Biological transport: Quantitative Aspects
Faculdade de Ciências e Tecnologia
Departamento de Química
Teacher in charge
Teresa Maria Fonseca de Moura
Teaching is organized around learning settings that aim at the training in transferable aptitudes and so resistant to the volatility of the contents, which can change accordingly to the scientific progresses.
Teaching quantitative biology is one of the main concerns, as it is believed that the use of mathematical models in biological sciences is becoming essential. It is more and more accepted that organisms are complex systems, in the strictest sense of the term. Organisms, in their different levels of organization (cell, tissue, organ, system), show complex mechanisms of adaptive regulation, based on multiple feedback circuits.
Build and perform numerical simulations of mathematical models describing the dynamic behaviour of metabolic systems, cells and epithelia.
Mathematical modeling and numerical simulations of enzyme reactions, with or without cooperativity, with one or more substrates, in the presence or absence of chemical effectors. Mathematical model of metabolic systems and biological transport.
Mathematical modeling and numerical simulations of cells and epithelia in steady state and transient conditions. Hodgkin-Huxley excitability model.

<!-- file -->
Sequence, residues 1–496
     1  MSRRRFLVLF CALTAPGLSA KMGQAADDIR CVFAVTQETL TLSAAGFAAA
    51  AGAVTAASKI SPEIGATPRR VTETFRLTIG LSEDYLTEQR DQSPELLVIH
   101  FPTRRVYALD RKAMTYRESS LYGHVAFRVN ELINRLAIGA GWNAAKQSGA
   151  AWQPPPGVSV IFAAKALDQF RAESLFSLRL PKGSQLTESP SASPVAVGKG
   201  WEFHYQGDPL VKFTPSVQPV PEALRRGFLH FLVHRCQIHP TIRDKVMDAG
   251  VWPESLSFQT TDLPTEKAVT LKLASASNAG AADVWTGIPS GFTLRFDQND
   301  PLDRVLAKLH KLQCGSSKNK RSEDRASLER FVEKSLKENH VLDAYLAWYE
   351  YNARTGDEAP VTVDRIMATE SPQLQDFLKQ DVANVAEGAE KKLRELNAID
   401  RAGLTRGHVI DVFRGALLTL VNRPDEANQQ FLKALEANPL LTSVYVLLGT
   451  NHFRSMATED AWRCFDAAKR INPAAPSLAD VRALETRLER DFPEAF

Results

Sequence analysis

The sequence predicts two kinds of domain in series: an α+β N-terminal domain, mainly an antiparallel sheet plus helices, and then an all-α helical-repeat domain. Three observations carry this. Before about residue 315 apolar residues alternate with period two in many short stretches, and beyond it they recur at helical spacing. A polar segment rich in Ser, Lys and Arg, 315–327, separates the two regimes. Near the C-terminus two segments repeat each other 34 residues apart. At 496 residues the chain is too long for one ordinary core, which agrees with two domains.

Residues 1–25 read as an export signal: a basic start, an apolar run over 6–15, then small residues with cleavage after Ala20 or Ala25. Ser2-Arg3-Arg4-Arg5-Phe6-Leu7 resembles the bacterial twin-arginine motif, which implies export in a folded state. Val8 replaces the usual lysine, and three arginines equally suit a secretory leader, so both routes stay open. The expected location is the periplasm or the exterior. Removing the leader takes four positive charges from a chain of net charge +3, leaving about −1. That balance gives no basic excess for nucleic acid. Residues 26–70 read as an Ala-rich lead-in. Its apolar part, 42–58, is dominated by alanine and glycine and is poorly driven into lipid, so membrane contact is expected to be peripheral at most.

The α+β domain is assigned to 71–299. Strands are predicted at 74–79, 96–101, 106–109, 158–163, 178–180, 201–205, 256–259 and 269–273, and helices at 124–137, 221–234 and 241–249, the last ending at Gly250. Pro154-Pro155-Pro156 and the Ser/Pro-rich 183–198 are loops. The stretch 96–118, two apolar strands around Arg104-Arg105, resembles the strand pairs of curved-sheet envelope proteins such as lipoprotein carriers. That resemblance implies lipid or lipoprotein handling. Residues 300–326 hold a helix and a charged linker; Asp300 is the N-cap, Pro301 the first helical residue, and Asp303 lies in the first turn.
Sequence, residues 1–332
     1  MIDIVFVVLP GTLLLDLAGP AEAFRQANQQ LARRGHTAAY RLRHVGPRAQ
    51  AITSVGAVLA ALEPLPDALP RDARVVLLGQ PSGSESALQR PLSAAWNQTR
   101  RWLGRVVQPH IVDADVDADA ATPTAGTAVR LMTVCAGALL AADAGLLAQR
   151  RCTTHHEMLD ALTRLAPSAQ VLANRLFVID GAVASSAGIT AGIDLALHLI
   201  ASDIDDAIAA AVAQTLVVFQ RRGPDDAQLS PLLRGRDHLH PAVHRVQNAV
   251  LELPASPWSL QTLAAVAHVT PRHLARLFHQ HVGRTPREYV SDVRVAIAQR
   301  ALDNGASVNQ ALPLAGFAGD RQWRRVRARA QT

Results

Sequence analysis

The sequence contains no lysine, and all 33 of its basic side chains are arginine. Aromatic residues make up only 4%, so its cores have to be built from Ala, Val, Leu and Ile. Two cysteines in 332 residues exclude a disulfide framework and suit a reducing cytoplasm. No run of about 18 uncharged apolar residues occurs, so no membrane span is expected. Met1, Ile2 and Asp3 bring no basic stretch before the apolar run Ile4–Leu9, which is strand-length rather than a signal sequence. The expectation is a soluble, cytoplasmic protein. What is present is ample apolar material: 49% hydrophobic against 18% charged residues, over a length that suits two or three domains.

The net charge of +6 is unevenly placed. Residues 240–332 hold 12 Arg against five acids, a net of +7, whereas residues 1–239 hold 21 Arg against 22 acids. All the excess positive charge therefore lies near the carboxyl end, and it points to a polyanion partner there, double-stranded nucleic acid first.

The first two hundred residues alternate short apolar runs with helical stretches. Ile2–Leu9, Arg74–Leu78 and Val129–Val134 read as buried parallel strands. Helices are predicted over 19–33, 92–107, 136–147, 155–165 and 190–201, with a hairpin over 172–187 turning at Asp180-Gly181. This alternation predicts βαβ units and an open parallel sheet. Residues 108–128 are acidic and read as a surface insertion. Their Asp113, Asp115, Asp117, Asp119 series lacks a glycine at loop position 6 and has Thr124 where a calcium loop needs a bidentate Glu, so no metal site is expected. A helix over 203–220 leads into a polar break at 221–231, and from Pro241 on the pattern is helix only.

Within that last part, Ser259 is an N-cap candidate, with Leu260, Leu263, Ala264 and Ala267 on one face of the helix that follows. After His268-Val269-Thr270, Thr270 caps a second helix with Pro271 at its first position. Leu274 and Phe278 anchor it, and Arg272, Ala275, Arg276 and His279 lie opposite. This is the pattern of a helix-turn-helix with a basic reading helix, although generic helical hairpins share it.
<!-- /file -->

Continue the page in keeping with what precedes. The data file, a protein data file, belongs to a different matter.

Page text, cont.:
Fundamentals of Enzyme Kinetics. 2004 (3rd edition) by Athel Cornish-Bowden, Portland
Computational Analysis of Biochemical Systems – a practical guide for biochemists and molecular biologists Eberhard O. Voit, Cambridge University Press, Cambridge, 2000
Understanding the Control of Metabolism. David Fell, Portland Press, London, 1997
HANDBOOK OF PHYSIOLOGY Chapter 6 - Basic Principles of Transport. Macey, Robert I. and Moura, Teresa F. American Physiological Society, Oxford University Press. New York. Ed. Joseph F. Hoffmann and James D. Jameson. 1997.
The biophysical basis of excitability, by Hugo Gil Ferreira; Michael W Marshall. Publisher: Cambridge [Cambridgeshire] ; New York : Cambridge University Press, 1985.
The teaching is organized in theoretical classes, problem solving sessions and numerical simulation classes (practical classes). In the first numerical simulation session the students will learn how to use several numerical models where the concepts developed in the theoretical classes will appear. The students will learn to use the informatic tools necessary for the development of a numerical models. In the following classes the students should individually develop a mathematical model from one of the biological systems previously discussed and to be able to numerically simulate it under several conditions.
The evaluation is comprised of a theoretical part and of a practical part, being the final grade an average of the two parts: Final grade = 50% theoretical grade + 50% practical grade..
The theoretical grade is the final exam grade. The practical grade will be the result of the numerical simulation model build by the student.